Stiff starters are great if you're making a recipe that has little to no additional flour added, like sourdough pancakes, shredded pancakes, and waffles. The flour in the starter is what makes the final dish doughy and provides the texture we're looking for.
Lastly, a frequently overlooked aspect of a stiff starter is its slower rising rate, which is precisely why it requires less frequent feeding. I'll delve into this more detail in the following section, emphasizing the practicality of leveraging this quality to better fit sourdough baking into your schedule!
What Are Liquid Sourdough Starters and Why Do Some People Prefer to Use Them?
In contrast, a "liquid starter" or "liquid levain" has a higher hydration level, typically around 120%, where the weight of water is greater than the weight of flour, resulting in a more liquid or thick pancake batter-like consistency.
It's easy to mix into dough.
But, it needs to be fed more often because the microorganisms eat the flour quickly.
Shifting our focus to flavor, liquid starters tend to result in bread with a milder sour taste. This occurs because the faster action of yeast and bacteria leads to shorter fermentation periods, resulting in a less pronounced sourness. Another factor is that liquid starters favor lactic acid bacteria, which are responsible for milder, sweeter notes in the starter (and later in the bread). Since we all have different flavors, you'll have to experiment a bit to get to know your own preferences.
Liquid starters typically have a faster rise, so make sure to keep an eye on them!
A great example of a recipe that thrives with a liquid starter is sourdough discard crackers. To create these, you'll want your starter to be quite runny, allowing you to pour it smoothly onto a baking tray for a perfectly even spread.
COMPARISON TABLE: Proc and Cons of Sourdough Starters Based on Hydration
|100% Hydration Starter||Stiff Starter||Liquid Starter|
|Hydration Level||100%||Around 80%||Around 120%|
|Feeding||Average||Less Often||More Often|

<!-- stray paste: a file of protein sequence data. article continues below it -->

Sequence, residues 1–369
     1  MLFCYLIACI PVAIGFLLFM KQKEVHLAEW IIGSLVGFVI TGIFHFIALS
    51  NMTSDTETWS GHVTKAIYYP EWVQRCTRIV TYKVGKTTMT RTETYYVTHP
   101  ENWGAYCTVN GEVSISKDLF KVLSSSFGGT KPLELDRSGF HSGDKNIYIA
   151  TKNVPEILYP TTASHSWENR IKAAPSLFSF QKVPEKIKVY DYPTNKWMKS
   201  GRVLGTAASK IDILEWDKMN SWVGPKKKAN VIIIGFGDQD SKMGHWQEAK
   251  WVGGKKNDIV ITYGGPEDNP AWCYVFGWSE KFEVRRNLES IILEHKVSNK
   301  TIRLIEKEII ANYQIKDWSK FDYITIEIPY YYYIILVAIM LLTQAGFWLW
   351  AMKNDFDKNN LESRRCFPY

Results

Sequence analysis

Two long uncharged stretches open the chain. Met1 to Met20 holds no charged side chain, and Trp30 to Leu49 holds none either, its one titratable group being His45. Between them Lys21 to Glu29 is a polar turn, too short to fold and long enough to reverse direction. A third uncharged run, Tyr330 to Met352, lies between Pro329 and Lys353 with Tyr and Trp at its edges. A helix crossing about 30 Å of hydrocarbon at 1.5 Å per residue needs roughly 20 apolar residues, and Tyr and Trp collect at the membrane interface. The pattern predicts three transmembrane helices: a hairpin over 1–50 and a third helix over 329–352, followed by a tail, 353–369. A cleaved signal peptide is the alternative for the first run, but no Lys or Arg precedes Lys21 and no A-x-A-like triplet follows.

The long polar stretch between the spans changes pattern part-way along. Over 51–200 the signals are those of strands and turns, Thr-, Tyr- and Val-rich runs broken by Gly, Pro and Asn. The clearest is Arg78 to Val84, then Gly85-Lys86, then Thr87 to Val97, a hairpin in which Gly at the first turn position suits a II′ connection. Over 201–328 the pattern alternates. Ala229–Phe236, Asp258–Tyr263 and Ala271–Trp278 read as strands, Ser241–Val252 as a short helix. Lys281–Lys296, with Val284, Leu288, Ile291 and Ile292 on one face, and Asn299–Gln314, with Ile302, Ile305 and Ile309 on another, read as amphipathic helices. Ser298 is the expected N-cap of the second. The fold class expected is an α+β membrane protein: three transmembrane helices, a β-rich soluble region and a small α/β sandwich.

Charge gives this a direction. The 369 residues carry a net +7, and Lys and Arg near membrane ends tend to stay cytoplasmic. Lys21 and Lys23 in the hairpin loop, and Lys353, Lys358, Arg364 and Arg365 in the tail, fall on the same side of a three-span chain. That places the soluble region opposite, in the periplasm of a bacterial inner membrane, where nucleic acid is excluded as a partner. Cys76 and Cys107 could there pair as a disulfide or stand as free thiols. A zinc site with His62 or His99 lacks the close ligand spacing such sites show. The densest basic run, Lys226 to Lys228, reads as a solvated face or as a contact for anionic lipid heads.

|Taste||Average||More Sour||Less Sour|
Does Sourdough Started Hydration Affect the Final Dough?
A common misconception in the world of sourdough is that adding a liquid starter will produce a wetter dough (high hydration dough) and adding a stiff starter will produce a dry dough. That is only partially true.
If you follow the same recipe and use a stiff starter once and a liquid starter another time, yes, the bread dough will reflect those changes in the starter's hydration.
But if you adjust the hydration of the dough, the hydration of the starter itself won't play a role anymore.
What does that mean in practice?
If I know my starter is on the stiffer side, I'll just add a bit more water. That way, you can still achieve a higher hydration level of the dough. And vice-versa: If your starter is liquid, add a small amount of extra flour to your dough and you'll have no problem making low-hydration doughs.
Does the Type of Flour I Use Affect Sourdough Starter Hydration?
In theory? No. But in practice? Yes!
Flour absorbency can vary significantly between different types of flour. Put simply, certain flours have a higher capacity to soak up water compared to others.
In theory, we can create a 100% hydration flour mixture using all-purpose flour and a 100% hydration starter with rye flour. However, they won't behave the same way. Rye flour is highly absorbent, so the 100% rye starter will be firmer and act more like a stiff starter. On the other hand, the all-purpose flour mixture will be more liquid and resemble a standard 100% hydration starter made with wheat flour.
Highly absorbent flours include rye flour, whole wheat flour, whole grain flour, spelt flour, barley flour, teff flour, and buckwheat flour. Fresh flour (as in freshly milled flour) also soaks up more water.
What Does Sourdough Starter Hydration Mean in Practice?
I experimented with rising times by preparing three versions of my starter, each with varying hydration levels: 80%, 100%, and 120%.
The time it takes for your sourdough starter to rise is the most crucial factor in sourdough baking. Feeding frequency, though important, is essentially a result of rising time. If your starter rises and falls rapidly, it naturally demands more frequent feeding.
And why would we want to know the rising time of our starter?
To simplify our sourdough bread baking routine!
How many times have you fed your starter at night, hoping to make dough in the morning, only to discover it's already deflated? It's a common occurrence, and I've been there too. Now, I've learned that if I start with a thicker starter, and it's ready to use in the morning if I feed it the night before. Understanding sourdough starter hydration has transformed my daily bread-making game, and I hope this experiment shows you just how simple it is.
🤓 The Experiment
That was a long intro, huh? Now onto the fun part!